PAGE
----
What strikes Hoff about these reasons for breaking agreements is that they are “individual reasons; they’re not relationship reasons. It’s not, ‘I was pissed at my partner.’” Although roughly half of her study participants have chosen not to disclose broken agreements, for fear of hurting their partner and damaging the relationship, “We also found that those who didn’t disclose a broken agreement were then harboring a secret, and that secret really created a wedge and distance in the relationship.”

Benjamin recalled times in his own marriage when he and his husband each disclosed having taken risks they regretted with outside sex partners. “It was a very, very hard conversation,” he said, but it prompted them to create a new rule in their agreement.

In Hoff’s studies, some couples have had a clause in their agreement that required disclosure. “No matter how difficult, no matter how painful, no matter how much they didn’t want to do it, they promised each other that they would disclose,” Hoff said. “And those couples, for some reason, have tended also not to break their agreements.”

The language used to discuss broken agreements is also important, the panel and audience agreed. When asked what he thought of language like “whoops” and “slip-up”—terms that appeared in the evening’s text-poll questions—one audience member responded that, while those particular words seem benign to him, stronger words like “cheating” are shaming and he sees no place for them in open relationships. “I definitely think that we need to communicate in ways where we’re not pathologizing one another—especially if this is someone that we love and care about—for wanting to have sex.”

Another audience member agreed that the words used in those hard conversations can either help repair a relationship or damage it further: “Not to minimize the potential consequences of [broken agreements], but we need something that doesn’t set the house on fire.”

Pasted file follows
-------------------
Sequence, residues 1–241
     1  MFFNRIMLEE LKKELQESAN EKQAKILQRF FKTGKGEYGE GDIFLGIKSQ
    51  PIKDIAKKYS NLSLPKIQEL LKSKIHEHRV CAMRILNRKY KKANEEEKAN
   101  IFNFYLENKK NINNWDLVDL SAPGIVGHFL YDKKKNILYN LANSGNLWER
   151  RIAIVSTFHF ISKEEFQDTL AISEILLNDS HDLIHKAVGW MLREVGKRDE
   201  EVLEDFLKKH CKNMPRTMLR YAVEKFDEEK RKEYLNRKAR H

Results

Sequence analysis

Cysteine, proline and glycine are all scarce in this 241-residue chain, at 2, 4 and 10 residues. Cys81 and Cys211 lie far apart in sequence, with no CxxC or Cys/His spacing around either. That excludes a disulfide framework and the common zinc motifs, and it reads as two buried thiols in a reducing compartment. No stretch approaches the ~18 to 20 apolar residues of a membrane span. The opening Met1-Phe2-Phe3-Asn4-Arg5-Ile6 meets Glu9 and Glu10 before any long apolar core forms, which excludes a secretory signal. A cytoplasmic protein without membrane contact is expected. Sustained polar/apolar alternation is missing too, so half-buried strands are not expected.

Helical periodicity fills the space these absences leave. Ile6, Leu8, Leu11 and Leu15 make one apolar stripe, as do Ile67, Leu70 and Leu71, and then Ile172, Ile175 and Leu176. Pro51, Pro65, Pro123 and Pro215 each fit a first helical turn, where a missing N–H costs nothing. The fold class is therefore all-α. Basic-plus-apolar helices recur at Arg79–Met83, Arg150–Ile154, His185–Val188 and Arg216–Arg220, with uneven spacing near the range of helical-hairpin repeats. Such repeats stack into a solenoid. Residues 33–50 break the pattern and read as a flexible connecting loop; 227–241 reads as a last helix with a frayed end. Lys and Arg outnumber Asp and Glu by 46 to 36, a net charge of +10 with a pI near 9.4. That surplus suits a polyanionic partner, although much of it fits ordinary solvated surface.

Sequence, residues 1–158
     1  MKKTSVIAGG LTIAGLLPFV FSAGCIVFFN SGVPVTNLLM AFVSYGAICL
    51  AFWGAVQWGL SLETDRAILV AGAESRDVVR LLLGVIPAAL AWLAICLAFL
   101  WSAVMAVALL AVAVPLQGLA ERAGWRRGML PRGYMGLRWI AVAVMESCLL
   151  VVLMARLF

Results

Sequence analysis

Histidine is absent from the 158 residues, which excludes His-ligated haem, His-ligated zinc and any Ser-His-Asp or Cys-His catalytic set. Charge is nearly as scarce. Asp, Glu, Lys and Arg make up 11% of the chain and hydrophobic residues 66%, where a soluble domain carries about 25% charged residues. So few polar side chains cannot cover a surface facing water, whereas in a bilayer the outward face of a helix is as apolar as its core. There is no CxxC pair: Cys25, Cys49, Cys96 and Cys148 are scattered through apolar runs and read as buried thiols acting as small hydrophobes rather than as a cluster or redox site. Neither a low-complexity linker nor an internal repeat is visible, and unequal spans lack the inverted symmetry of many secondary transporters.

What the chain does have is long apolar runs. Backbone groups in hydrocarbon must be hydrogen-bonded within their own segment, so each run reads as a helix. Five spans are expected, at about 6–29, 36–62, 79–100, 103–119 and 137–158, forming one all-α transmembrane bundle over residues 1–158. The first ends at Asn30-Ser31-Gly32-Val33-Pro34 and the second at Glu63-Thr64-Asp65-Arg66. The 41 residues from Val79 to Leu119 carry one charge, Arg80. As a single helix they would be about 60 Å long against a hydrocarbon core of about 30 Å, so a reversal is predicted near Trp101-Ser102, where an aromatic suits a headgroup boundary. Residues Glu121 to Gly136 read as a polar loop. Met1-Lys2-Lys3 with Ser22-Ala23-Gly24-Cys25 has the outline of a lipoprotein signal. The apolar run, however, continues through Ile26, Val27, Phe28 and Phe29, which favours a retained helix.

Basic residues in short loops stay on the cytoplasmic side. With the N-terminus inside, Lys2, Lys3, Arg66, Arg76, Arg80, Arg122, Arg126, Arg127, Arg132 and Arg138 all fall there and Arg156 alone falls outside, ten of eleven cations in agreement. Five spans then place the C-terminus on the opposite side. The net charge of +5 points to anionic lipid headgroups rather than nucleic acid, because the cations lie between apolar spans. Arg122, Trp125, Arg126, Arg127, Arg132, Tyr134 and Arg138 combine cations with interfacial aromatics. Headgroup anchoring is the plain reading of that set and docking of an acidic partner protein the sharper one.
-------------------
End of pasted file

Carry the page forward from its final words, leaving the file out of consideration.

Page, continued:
Benjamin offered a different take: While the discussion of language around broken agreements had been focusing on sexual rule-breaking, he said, “The greatest wrecks to my relationship have been people who have had emotional involvements with one of us that go beyond sex, that may feel romantic or more emotional….And that is a violation, that isn’t a ‘whoops’ or a ‘slip-up.’”

How is the marriage equality movement changing norms and expectations about gay relationships? And does “married” mean “monogamous”?

“Our marriages are what we make of them, just like our relationships are what we make of them.”

—Stuart Gaffney

Panelist Stuart Gaffney

According to further text polls, 68% of respondents were already married or interested in marriage, and three-quarters said marriage equality is altering expectations about and norms around gay relationships.

Members of the audience expressed their concern that the concept of marriage does not align with their gay identity or their experience of gay culture. As one man put it, “What the gay movement, I think, has been about is expanding relationships and having different types of relationships, and the traditional marriage option doesn’t give us that.”

Another added that, “Growing up, to me being gay meant I didn’t have to get married. I don’t have to do what my mom and dad did.” Gutirrez, who shared that marriage isn’t a goal for him personally, had a similar take: “There are many people who have paved the way for people like me to be young and queer and having amazing sex in San Francisco.”

One man expressed his fear of a backlash against marriage equality in the next few years, “when we start seeing statistics about gay marriages and how well they work out compared to straight marriages.” He continued, “Marriage is not an institution that was created for us…It’s not something that we’re really adapted to, and I’m just afraid we’re going to fail at it and we’re going to look like fools.”

Hoff, who shared that she is straight and has been married for many years, responded from a personal perspective. “I just don’t think the straight community has much up on the gay community when it comes to relationships,” she said. “As I talk to gay couples and lesbian couples who want to get married, they are doing it because they want to. It’s not just expected;they’ve really given it a lot of thought….Straight people don’t always do that.”